In a lot of ways, the recent recession has been a major wake up call. We realize that many of the complicated and creative financial products that ushered in a boom of ridiculous proportions also result in greater economic instability in the long run. Economic booms cannot be forever sustained by debt-fueled consumer spending. Indeed, as painful as it would be for us personally, and probably even for the economy, getting back to financial basics may not be a bad idea.
No, we wouldn’t see explosive economic growth if we all began practicing prudence in matters of personal economy. But we would be better off individually, and perhaps the economy would be a little less unstable. Would we still see recessions? Probably. But would we be as financially devastated by them? Perhaps not.
So, how can we get back to the financial basics? First it helps to know what they are. The financial basics include such things as:
- Earning more than you spend; living within your means.
- Looking for ways to save money when you can.
- Saving up for larger purchases.
- Setting aside money for emergencies.
- Creating an investing plan for your future financial provision.
- Using credit sparingly — and wisely.
- Choosing modestly when buying “big” things (homes, cars, education) with credit.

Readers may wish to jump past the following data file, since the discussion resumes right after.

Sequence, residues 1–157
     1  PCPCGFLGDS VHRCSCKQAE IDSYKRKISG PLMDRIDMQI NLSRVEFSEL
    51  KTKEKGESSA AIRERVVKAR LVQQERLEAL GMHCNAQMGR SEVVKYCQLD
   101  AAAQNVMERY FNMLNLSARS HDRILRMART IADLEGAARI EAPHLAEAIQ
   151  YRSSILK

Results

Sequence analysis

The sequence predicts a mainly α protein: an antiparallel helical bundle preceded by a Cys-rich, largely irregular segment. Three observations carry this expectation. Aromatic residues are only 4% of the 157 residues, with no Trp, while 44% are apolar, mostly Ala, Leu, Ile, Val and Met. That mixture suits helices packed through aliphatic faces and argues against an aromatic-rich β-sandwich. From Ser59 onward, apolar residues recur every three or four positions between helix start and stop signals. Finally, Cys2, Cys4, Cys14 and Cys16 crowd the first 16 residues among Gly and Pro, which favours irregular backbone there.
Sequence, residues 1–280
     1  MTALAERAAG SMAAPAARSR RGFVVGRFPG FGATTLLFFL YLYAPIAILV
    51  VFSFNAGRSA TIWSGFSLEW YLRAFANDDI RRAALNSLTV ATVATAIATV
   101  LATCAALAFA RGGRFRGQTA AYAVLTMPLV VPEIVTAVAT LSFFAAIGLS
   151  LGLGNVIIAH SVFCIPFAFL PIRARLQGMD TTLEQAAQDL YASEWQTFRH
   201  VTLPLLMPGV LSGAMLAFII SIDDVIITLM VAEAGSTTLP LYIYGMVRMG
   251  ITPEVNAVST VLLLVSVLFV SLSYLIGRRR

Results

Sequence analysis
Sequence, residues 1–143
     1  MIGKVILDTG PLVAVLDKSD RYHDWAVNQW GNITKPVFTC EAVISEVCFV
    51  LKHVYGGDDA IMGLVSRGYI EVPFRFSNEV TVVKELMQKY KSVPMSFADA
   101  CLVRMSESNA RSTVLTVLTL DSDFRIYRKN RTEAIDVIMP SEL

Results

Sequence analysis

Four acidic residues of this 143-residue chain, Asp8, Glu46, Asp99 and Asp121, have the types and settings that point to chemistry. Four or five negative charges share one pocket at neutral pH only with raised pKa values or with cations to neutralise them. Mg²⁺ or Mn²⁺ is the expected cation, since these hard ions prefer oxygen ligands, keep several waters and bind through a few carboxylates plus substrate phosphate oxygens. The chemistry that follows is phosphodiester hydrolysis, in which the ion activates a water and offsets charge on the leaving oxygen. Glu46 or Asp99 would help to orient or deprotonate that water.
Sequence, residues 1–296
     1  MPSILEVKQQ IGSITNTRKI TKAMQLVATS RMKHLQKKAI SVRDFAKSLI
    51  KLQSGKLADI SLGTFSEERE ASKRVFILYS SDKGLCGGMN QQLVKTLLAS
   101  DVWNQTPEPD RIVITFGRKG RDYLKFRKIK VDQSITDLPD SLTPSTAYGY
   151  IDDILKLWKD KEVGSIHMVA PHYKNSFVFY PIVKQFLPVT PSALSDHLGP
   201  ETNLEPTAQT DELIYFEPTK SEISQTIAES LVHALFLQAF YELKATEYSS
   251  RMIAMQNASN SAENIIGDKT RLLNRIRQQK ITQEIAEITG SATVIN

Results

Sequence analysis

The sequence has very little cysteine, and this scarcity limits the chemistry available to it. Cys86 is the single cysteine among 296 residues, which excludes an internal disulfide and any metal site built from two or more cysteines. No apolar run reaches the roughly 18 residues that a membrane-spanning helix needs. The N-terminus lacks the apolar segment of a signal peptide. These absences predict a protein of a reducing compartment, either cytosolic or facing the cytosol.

Understanding these basic tenets of basic financial prudence can go a long way toward helping us get back on track with our finances. When we are in a financially sound position, we are less stressed, more secure, and better able to take advantage of opportunities that come our way.
Changing the Money Mindset
The first issue is to change the money mindset that many of us have. Indeed, our entire society is obsessed with image and status, and we tend to connect financial wealth to higher status. Indeed, often worth as a person is confused with net worth. When we buy into the idea that others will respect us more because of our income, or our stuff, we are prone to make decisions with our money, getting an interest only loan to “afford” a bigger house, or getting more student loans than we can really pay back to attend a prestigious school.
Another problem is that we are a society that demands instant gratification. We believe that we deserve things. And we deserve them now. This is one of the reasons that credit card debt has risen so much. We think that we can afford to make purchases that we don’t have ready money for. The low minimum payments make us feel as though there is no reason to wait to buy something. Unfortunately, as credit card debt grows, your personal finances are likely to diminish. Moving beyond this mindset of instant gratification would be a big help in getting back to financial basics.
Indeed, mindset has a great deal to do with our financial habits. As long as we attach a great importance to displays of wealth, and as long as we feel that we have to have things immediately, rather than saving up for them, we will remain stuck in a cycle that looks quite similar to the one that brought on the latest recession.
Photo dichohecho via Flickr